For a personal project, to check how many pictures we took of our cats over the past seven years, I wanted to read EXIF data from my photos. In this blog post I explain how to do it.
library(exifr) library(data.table) library(lubridate)
For exifr to function properly, you need to install perl. A good option is to install the ActivePerl engine — not an expert, but so I was told. For this, you’ll need administrator rights.
You will also need ExifTool, which is written in Perl. There’s several ways you can install Perl:
If Perl or ExifTool isn’t installed, you’ll respectively get one of the following errors:
Could not find perl at any of the following locations…
Could not find ExifTool at any of the following locations…
The function read_exif can take more than one path. You can pass it a vector of paths if you have a folder full of images. We can create that vector as follows:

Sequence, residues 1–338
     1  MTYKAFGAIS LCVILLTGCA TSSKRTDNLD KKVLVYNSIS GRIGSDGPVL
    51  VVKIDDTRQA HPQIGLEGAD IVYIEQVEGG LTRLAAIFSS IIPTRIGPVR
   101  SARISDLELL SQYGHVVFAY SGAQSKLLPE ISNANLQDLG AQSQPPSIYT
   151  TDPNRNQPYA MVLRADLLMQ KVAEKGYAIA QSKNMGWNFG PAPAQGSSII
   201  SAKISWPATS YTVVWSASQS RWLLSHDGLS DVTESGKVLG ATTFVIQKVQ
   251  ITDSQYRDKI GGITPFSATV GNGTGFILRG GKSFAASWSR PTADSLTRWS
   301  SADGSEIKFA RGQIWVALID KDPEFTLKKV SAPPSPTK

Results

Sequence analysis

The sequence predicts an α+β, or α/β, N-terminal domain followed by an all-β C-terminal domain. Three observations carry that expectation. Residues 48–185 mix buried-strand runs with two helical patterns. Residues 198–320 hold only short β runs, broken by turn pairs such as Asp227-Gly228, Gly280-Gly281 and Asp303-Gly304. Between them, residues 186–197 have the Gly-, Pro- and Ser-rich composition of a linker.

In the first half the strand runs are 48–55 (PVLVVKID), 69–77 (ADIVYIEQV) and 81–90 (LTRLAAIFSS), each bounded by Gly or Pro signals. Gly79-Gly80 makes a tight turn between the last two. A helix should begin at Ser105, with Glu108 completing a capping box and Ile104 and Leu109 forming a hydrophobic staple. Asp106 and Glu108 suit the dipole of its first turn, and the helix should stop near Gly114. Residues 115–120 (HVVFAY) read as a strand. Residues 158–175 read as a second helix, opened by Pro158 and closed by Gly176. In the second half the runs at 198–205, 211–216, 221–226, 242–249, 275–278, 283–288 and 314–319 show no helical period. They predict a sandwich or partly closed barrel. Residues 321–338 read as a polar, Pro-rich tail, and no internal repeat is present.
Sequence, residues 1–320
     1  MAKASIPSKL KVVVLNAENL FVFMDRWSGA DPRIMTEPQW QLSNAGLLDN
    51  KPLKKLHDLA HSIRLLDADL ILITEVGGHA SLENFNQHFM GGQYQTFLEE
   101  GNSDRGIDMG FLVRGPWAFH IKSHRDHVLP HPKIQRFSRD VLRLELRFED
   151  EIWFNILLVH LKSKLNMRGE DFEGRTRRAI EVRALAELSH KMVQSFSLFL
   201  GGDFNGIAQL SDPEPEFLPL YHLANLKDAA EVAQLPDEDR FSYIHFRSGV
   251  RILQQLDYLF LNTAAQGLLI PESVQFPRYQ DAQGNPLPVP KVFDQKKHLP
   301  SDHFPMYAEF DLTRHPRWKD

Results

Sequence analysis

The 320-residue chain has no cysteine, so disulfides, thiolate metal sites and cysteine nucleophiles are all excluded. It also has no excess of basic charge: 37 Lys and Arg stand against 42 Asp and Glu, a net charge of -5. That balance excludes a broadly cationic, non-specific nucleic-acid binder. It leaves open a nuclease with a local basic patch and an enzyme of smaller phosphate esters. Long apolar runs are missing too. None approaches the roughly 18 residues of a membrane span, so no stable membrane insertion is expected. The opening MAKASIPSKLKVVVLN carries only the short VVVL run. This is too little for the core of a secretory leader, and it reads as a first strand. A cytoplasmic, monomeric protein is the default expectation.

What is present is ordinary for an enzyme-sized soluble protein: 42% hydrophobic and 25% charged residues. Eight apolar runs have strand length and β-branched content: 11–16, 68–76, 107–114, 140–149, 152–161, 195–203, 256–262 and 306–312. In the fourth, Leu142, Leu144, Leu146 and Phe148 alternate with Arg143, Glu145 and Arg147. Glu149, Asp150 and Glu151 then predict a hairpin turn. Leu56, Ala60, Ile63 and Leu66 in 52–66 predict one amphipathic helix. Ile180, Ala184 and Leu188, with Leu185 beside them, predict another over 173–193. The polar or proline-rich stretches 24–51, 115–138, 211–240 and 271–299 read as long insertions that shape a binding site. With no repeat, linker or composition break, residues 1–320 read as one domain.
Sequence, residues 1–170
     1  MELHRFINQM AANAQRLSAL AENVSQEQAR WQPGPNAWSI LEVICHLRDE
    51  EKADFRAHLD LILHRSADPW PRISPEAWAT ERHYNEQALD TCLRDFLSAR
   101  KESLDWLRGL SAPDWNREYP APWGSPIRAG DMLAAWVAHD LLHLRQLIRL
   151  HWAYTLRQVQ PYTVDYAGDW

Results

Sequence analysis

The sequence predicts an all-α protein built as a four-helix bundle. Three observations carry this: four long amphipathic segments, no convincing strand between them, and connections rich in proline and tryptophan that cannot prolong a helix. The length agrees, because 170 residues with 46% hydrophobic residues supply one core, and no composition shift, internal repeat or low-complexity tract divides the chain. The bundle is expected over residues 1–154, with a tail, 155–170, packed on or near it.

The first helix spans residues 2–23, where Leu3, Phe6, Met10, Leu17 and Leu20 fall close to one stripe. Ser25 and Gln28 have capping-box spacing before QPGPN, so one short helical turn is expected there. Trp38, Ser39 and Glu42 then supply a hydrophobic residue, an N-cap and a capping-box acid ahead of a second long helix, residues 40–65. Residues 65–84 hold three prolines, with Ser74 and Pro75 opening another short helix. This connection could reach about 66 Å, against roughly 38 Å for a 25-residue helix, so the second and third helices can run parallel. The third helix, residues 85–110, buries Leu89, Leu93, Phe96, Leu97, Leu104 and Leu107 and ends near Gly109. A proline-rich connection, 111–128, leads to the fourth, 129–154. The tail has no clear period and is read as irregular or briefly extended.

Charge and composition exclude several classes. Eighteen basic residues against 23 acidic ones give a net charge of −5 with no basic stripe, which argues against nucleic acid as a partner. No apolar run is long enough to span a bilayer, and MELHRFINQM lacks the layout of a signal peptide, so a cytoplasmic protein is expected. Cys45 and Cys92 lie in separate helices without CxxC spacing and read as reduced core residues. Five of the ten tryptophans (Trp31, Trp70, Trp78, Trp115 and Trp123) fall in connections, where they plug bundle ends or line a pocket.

file_names <- list.files(my_photo_dir) paths <- paste0(my_photo_dir,'/',file_names)
Now, we can finally call on read_exif to read the wanted EXIF tag values from our pictures. If you do not specify which tag you need, it will read all (100+) tags from the picture. In the chunk below I convert the DateTimeOriginal tag to the date the photo was take.
exifs <- read_exif(paths, tags = c('DateTimeOriginal','Model')) exifs <- data.table(exifs) exifs[,Date := ymd(substr(DateTimeOriginal,1,10))]
If you experience any problems, try the exiftoolr package.
By the way, if you’re having trouble understanding some of the code and concepts, I can highly recommend “An Introduction to Statistical Learning: with Applications in R”, which is the must-have data science bible. If you simply need an introduction into R, and less into the Data Science part, I can absolutely recommend this book by Richard Cotton. Hope it helps!